Diesel-electric hybrid sportscar starts from front in this weekend’s 24-hour race
By Will Dron on June 15, 2012 12:03 PM
Audi has secured pole position with its R18 e-tron quattro race car in the epic Le Mans 24-hours race, which takes place this weekend. It’s the 80th running of the endurance classic, but the first time a hybrid will start from the front of the grid.
In the final qualifying session on Thursday night, Audi driver André Lotterer set the fastest lap of 3m 23.787s in the number ‘1’ Audi, which he shares with Marcel Fässler and Benoît Tréluyer. The lap time is an improvement over last year’s best by nearly two seconds.
The second R18 e-tron quattro of Dindo Capello, Tom Kristensen and Allan McNish will start from fourth on the grid, but they’re one to watch in the race as all three are Le Mans 24-hour-winning veterans.
Audi’s hybrid is powered by a 510hp V6 turbo-diesel engine at the rear wheels, while the front wheels are driven by an electric motor using energy recovered under braking and stored in a Williams F1-developed flywheel.
The Audi R18 e-tron quattro leaves the pits last night
"The car was running like it was on rails, simply incredible," beamed 31-year-old Lotterer. "The guys at Audi Sport did a top job yet again and made my first pole position at Le Mans possible for me. Many thanks to them for this!"
The R18 e-tron quattros will have stiff competition in the form of two lightweight versions of the R18, which don’t have the electric drivetrain and will start from second and sixth on the grid.
Toyota hybrid snapping at heals
Meanwhile, Toyota is mounting a quest for glory in its own hybrid vehicle, the TS030. The Toyota drivers have managed to place its two cars in third and fifth spots on the grid.
While it shares with the Audi hybrid the fact that the internal combustion engine is supplemented by electric power, the TS030 in fact works quite differently. In the Toyota, the primary powerplant is a naturally aspirated (non-turbo) 3.4-litre petrol engine, rather than diesel. The Japanese machine also stores its electrical power in a different way to the Audi – using capacitors rather than a flywheel.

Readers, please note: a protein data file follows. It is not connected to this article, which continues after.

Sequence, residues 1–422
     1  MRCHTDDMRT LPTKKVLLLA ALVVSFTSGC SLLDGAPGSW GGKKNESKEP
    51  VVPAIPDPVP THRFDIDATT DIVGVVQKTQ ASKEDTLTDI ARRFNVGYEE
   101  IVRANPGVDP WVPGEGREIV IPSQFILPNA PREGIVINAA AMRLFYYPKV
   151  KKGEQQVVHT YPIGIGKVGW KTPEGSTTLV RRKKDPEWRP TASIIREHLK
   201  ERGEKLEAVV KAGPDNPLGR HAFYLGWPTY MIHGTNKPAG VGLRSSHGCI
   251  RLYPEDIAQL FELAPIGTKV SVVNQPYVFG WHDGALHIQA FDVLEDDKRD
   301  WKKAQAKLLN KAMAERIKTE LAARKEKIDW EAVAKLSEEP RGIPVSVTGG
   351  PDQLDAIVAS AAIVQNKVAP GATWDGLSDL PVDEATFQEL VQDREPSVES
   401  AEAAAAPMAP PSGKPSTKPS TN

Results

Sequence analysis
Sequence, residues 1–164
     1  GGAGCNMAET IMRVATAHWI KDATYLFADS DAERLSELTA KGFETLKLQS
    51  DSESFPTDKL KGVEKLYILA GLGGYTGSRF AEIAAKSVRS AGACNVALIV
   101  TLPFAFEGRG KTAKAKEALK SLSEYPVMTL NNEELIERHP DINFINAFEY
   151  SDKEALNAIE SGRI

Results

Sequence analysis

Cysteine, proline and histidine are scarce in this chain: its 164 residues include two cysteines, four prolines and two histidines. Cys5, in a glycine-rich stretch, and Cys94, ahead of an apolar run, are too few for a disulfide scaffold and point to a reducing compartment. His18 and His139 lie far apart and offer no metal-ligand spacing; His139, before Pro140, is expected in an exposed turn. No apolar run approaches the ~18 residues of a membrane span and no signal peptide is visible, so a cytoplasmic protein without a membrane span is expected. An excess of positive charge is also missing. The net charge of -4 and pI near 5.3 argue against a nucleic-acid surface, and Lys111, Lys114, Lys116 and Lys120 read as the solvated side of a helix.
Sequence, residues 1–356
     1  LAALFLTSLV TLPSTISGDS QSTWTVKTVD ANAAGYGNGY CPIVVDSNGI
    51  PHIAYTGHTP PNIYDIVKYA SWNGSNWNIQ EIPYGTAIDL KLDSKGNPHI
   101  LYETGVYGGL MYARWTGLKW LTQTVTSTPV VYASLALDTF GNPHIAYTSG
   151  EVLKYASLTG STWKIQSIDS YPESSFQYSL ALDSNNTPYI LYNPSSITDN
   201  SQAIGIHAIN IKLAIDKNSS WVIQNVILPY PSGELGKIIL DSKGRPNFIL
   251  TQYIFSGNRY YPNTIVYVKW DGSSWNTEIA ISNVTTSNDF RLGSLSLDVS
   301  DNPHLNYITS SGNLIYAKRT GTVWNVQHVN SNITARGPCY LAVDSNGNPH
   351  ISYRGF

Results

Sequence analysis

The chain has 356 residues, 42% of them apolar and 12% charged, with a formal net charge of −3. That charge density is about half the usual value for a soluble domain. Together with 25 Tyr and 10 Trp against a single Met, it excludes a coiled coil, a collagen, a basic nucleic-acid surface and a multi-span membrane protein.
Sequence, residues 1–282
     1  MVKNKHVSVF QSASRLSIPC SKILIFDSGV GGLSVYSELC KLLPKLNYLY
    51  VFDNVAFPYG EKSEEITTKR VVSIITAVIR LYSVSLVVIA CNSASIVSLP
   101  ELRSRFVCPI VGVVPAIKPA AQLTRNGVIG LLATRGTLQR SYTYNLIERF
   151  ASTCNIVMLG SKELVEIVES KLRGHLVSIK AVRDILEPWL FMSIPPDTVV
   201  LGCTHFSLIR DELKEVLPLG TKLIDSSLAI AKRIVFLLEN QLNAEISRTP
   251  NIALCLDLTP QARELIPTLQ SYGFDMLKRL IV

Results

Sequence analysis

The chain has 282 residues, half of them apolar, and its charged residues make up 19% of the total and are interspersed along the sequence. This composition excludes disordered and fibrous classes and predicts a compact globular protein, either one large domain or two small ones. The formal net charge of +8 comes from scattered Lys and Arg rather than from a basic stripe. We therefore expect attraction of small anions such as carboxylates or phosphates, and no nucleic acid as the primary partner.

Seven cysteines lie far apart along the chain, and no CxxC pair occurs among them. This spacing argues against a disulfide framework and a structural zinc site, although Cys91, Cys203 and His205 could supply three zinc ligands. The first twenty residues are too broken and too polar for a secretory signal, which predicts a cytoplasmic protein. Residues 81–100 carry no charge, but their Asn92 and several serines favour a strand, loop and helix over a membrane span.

The final difference is that the Toyota’s electrical energy supplements power to the rear wheels, making it a two-wheel-drive machine. As such, commentators expect the Audi R18 e-tron Quattro, with its four-wheel-drive, to have the advantage if rain falls during the race. Whatever the weather, the mix of technologies in the top-flight LMP1 class this year is set to deliver one of the most exciting Le Mans races ever.
Toyota's TS030 during qualifying yesterday
"Of course, we’re proud to be the first automobile manufacturer to clinch the pole position with a hybrid vehicle at Le Mans and to outperform the two Toyota hybrid cars," said Head of Audi Motorsport Dr. Wolfgang Ullrich. "But this is just a very small step. The much bigger task is still ahead – the race."
The 80th the Le Mans 24-Hours starts on Saturday at 3pm local time and will be broadcast in the UK on Eurosport 2. Audi is offering live streaming of the race from the onboard perspective of the Audi R18 cars at www.audi-liveracing.com.
So which brand are you waving a flag for this weekend – Audi or Toyota?